Tricks of the Trade: How Companies Anonymously Influence Climate Policy Through Their Business and Trade Associations (2014)

January 2014
When trade groups work to block effective climate policy, we need to hold their member companies accountable. But current policies make this harder than it should be.

Tell the SEC to Shed Light on Corporate Political Spending

A proposed Securities and Exchange Commission (SEC) rule would require publicly traded companies to disclose their support for trade and business associations. Tell the SEC that the public needs to know who is influencing climate policy!

   Please leave this field empty

Trade and business associations are major actors in both business and public policy in the United States. These associations provide many benefits to their member companies, and one of the most important is the leverage they provide for influencing policy through political activities such as campaign contributions, lobbying of elected officials, and issue advertising.

Since climate change, and policy responses to climate change, can have significant implications for business, it's not surprising that trade associations have been deeply engaged in climate policy discussions. And as a 2013 UCS report revealed, the impact of trade association engagement has often been to block meaningful climate action or misrepresent climate science.

Holding member companies accountable for the activities of their associations is not easy. As tax-exempt non-profit organizations, trade associations are not required to publicly list their membership or boards of directors—and member companies can take advantage of limited corporate-disclosure laws to engage in political activities through trade associations without much scrutiny from government, investors, or the public.

Survey Says...

Chart showing stucture of the CDP questionnaire.

In an effort to shed light on the relationship between companies and their trade associations on climate policy, UCS partnered with CDP (formerly the Carbon Disclosure Project), a non-profit organization that administers an annual climate reporting questionnaire to more than 5,000 companies worldwide, at the request of 722 institutional investors represeting $87 trillion in invested capital.

Starting in 2013, the CDP questionnaire began asking whether companies were members of trade groups and, if so, whether they agreed with these groups' climate policy positions, as documented in the 2013 UCS report Assessing Trade and Business Groups' Positions on Climate Change.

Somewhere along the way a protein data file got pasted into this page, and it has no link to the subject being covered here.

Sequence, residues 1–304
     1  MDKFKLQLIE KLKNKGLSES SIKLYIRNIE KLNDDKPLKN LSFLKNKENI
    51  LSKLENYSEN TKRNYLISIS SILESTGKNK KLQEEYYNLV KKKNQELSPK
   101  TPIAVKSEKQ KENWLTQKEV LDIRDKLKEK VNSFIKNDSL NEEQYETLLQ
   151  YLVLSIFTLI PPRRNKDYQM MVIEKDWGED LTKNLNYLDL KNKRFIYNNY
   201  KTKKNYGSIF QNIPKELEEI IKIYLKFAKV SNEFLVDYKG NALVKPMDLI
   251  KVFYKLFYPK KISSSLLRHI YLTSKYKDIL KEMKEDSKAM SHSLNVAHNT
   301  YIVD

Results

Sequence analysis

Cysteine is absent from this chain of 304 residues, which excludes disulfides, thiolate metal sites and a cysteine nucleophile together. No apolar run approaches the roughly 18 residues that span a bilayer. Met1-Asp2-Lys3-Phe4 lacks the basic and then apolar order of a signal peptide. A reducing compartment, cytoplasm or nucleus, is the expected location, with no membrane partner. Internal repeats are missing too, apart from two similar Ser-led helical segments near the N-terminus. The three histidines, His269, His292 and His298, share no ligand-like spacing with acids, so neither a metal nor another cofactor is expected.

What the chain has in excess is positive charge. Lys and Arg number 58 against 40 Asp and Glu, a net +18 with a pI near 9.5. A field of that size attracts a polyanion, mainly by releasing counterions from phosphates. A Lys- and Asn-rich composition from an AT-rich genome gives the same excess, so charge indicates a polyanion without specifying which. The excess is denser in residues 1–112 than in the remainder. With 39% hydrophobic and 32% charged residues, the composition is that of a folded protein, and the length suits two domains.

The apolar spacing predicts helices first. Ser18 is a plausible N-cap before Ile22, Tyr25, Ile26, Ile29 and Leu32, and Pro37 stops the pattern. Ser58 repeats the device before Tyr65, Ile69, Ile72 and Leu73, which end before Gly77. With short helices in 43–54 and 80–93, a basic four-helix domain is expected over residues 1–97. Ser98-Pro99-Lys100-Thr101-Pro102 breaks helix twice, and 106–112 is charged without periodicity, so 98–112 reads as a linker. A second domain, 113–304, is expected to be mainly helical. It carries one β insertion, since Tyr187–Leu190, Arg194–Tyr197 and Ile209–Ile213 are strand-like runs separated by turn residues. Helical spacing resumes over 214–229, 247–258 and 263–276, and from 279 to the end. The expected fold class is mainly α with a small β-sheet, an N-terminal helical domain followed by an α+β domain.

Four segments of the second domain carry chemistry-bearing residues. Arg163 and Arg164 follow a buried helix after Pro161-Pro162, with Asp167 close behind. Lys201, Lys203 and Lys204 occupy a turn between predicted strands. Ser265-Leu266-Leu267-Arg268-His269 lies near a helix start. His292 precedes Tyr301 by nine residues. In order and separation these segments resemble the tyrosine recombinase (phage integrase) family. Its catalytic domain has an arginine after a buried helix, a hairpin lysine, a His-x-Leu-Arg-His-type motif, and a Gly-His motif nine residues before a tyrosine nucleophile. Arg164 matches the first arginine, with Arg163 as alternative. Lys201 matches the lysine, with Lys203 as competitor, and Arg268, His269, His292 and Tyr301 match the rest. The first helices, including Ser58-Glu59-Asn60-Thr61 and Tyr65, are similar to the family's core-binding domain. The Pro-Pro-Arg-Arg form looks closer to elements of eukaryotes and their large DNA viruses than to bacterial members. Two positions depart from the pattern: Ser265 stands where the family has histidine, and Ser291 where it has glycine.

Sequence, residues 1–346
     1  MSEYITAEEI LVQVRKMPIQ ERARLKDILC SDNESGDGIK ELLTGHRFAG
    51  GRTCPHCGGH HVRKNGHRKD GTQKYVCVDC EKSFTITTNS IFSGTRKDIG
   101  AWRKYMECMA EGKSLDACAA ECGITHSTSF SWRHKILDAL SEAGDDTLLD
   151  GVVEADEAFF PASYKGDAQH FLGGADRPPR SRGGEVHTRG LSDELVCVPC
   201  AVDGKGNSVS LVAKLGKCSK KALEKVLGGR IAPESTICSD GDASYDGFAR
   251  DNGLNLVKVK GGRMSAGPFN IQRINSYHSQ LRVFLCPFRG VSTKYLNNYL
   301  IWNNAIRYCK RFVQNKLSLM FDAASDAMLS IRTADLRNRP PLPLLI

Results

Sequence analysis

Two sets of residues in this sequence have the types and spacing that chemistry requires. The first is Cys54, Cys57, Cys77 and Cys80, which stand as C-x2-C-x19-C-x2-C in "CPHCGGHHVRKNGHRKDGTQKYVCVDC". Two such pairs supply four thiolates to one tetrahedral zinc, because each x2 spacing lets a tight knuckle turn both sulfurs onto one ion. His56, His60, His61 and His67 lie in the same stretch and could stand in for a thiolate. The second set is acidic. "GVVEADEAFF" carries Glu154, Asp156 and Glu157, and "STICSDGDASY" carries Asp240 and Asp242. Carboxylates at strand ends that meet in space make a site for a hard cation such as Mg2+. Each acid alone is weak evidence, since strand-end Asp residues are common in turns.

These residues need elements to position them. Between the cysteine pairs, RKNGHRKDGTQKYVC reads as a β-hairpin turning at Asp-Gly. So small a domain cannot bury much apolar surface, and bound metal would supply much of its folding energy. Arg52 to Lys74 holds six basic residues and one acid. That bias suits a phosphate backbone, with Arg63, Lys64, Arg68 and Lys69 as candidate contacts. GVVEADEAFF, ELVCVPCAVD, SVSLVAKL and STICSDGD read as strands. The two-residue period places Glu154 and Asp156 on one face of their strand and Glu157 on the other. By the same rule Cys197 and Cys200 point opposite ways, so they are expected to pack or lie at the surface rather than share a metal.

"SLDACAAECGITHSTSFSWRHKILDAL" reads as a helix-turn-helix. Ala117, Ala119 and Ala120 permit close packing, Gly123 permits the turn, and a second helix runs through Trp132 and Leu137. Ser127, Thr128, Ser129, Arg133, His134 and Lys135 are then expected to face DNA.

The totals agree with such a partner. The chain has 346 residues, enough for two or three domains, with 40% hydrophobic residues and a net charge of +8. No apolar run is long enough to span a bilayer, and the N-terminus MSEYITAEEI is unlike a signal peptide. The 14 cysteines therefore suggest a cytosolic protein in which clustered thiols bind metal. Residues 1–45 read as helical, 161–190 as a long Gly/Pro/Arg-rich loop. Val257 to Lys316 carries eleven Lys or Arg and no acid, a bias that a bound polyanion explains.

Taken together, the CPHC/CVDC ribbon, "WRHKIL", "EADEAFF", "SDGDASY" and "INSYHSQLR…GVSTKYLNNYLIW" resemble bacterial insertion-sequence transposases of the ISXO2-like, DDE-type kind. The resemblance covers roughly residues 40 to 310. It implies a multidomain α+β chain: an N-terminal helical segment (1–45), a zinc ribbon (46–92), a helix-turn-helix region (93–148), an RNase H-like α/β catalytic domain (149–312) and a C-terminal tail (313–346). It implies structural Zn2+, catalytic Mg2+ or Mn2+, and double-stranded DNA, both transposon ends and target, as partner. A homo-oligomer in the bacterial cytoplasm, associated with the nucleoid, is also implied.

The results show that many companies are not yet willing to be transparent about their political activity through trade associations.

  • More than half of the companies who received the questionnaire opted out of participating, and only 33 percent were willing to make their responses public. Non-participants included corporate giants such as Apple, Amazon, Comcast, and Facebook.
  • Some 40 percent of companies responding publicly acknowledged that they could influence policy through their trade association. Yet, of companies listed on publicly available board membership lists for four large trade associations, a majority failed to acknowledge their board memberships on the survey.

Mixed messages

Many companies indicated that they do not agree with the climate policy positions of their trade associations.

  • Nine of 15 responding companies that reported being board members of the National Association of Manufacturers (NAM) stated that their positions on climate policy were "mixed" or "inconsistent" compared with NAM's position.
  • Several other major U.S. trade associations, including the Edison Electric Institute (EEI), the American Petroleum Institute (API) and the American Chemistry Council (ACC), received multiple "mixed" or "inconsistent" responses from board member companies.
  • When companies were asked if they had attempted to influence the climate positions of trade associations that they belonged to, however, responses suggested that many companies—especially smaller companies—do not feel they are able to influence their trade groups’ climate change positions.

These findings raise the question of which actors are actually shaping the policy positions and agendas of trade associations.

Solutions

The public deserves to know who is influencing policy decisions on critical issues like climate change. To bring needed transparency to the business community's political activities, the report outlines a set of recommendations for both private and public sector actors:

  • The Securities and Exchange Commission and the Treasury department should make rules that require disclosure of political activities by publicly traded companies and tax-exempt "social welfare" groups;
  • Congress should approve the DISCLOSE Act, or similar legislation, to enhance disclosure of indirect political contributions;
  • Companies should push trade associations to accept climate science and support policies that will result in meaningful carbon emissions reductions. Where companies and their associations differ about climate policy, companies should publicly state their differences, try to influence their associations' positions, and if differences are irreconcilable, leave the associations. And investors should use their influence to pressure companies to take such actions.